As a law firm, you have an advantage over traditional retailers because you know the identity of your clients, which drastically reduces the risk of accepting a counterfeit credit card. In addition, the majority of payments for legal services are done out of the office, or “card not present” in which case EMV deadlines do not apply.
PCI DSS, or Payment Card Industry- Data Security Standards has come to broadly represent the overall compliance and security when accepting credit cards. PCI is required by the card brands (Visa,MC, Discover) regardless of the method you choose to accept credit cards (i.e card present or card not-present). Introduced in 2006, PCI was not officially required by merchants until January 2015. PCI is managed through a series of self- assessed security questions. Usually, law firms can reduce the security requirements and protect their firms by implementing a few small changes.
The fastest path to PCI compliance is to eliminate the need to see, collect or store any credit card data from clients. If no one in your office touches, records or handles a client credit card, or the credit card number, then the risk for card fraud is almost eliminated. For example, with a service like LawPay, this can be done by using a secure web-based system that securely encrypts the credit card. Programs are available to add secure payment links to your website or send electronic invoices directly to clients. These methods also eliminate the need for traditional credit card machines, thus further reducing your risk. As a best practice, avoid contact with all credit card information and simply allow your clients to enter their payment information directly.
Besides being three letter acronyms, NFC, EMV and PCI payment all have the potential to drastically reduce credit card fraud. Card data breaches made national headlines last year with incidences reported by Target, Home Depot, Michaels Stores and others. The reality is card hackers and counterfeiters have a new level of sophistication and more technology than ever. What does this mean for your law firm, and more importantly how can you best protect client information? Take time to understand and evaluate your current process for accepting payments and assess your potential risk for accepting fraudulent credit cards.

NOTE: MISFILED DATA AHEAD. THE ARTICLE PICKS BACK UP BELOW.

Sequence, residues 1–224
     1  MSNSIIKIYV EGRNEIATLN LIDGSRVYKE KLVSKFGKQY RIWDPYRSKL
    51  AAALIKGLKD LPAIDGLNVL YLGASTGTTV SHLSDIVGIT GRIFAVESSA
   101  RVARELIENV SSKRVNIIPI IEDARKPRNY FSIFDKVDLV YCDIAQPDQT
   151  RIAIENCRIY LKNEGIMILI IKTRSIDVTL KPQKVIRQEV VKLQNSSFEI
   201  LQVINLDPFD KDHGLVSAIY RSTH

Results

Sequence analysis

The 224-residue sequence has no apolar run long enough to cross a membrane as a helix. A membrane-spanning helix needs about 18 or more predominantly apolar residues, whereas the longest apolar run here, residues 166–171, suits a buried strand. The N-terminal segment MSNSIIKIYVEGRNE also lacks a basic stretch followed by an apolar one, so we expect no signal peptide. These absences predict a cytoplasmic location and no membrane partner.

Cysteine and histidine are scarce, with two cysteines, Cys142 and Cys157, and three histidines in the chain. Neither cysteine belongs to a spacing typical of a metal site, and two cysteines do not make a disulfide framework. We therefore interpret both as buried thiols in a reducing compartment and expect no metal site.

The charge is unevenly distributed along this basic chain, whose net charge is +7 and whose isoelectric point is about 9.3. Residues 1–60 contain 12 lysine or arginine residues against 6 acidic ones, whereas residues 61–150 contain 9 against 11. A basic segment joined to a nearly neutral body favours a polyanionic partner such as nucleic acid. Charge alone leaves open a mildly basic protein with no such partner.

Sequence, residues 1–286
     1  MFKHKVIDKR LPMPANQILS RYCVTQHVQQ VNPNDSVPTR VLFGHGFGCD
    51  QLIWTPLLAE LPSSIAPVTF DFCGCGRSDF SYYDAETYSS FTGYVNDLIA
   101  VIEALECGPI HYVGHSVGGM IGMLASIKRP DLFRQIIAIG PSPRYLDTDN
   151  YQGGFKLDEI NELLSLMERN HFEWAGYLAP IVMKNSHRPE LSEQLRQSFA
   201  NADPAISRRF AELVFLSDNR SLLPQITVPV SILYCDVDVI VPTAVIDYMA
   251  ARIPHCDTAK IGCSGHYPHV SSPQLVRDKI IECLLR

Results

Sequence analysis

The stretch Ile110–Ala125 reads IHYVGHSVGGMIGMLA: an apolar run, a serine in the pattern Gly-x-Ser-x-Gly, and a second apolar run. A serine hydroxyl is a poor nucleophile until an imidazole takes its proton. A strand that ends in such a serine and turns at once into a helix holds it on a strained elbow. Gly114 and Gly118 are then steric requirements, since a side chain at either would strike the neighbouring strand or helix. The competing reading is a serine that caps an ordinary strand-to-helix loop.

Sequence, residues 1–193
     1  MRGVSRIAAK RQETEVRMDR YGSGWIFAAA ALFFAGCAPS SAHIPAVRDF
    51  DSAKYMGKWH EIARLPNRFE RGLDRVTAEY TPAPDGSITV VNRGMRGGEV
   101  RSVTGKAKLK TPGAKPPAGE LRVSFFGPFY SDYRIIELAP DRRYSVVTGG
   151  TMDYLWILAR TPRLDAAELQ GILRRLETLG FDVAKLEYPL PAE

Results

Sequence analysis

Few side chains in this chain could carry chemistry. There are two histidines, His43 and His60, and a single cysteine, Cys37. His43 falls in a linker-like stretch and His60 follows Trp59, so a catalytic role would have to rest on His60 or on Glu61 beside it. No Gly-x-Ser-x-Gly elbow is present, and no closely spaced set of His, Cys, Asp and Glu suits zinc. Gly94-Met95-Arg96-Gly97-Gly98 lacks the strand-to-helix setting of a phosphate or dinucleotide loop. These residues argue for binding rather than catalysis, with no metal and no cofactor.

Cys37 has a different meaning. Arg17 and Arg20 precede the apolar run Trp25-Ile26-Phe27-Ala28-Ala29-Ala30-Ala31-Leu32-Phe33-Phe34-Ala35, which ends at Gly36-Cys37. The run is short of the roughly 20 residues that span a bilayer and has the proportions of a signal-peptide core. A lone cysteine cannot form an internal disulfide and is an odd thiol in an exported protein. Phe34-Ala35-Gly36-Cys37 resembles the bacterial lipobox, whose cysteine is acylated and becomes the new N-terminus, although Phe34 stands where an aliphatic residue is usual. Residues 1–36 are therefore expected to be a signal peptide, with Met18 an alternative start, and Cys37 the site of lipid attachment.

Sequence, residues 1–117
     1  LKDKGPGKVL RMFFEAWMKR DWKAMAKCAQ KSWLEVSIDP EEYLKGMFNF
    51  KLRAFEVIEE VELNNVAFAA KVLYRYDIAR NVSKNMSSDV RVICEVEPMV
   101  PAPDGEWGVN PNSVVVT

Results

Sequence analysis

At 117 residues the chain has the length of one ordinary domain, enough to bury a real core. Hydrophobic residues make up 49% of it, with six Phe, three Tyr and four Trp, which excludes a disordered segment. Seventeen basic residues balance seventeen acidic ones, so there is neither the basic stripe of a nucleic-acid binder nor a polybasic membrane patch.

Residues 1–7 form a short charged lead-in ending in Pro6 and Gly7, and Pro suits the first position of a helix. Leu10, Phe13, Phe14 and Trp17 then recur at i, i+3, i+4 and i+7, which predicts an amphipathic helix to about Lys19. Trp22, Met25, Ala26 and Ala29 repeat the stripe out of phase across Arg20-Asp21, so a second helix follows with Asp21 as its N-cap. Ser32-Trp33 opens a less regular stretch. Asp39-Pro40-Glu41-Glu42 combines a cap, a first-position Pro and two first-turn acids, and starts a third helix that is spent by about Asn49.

NFC and EMV do not provide much protection to traditional law firms, and they are not required for non-retail businesses. However, as a merchant, you still have an obligation to protect both your firm and your client’s card information through PCI. The good news, you have an enormous advantage over large retailers because you are not blindly accepting payments from the general public. Even if you do not physically see clients in your office, at the very least you have probably talked to them over the phone or email, and have contact information for them. Always take steps to ensure the cards you accept for payment are legitimate, ask for identification, and request a signature to support any future conflicts, and protect against fraud. The best acronym against fraud is ABC- Always Be Careful.
The LawPay program, is a custom payment solution designed for attorneys. The LawPay program complies with ABA and state requirements for managing client funds. As a member benefit of the Dallas Bar Association, law firms save up to 25% off standard credit card fees. If you are currently accepting credit cards, we encourage you to compare your current processor with LawPay. To learn more contact 866-376-0950 or www.LawPay.com/dallasbar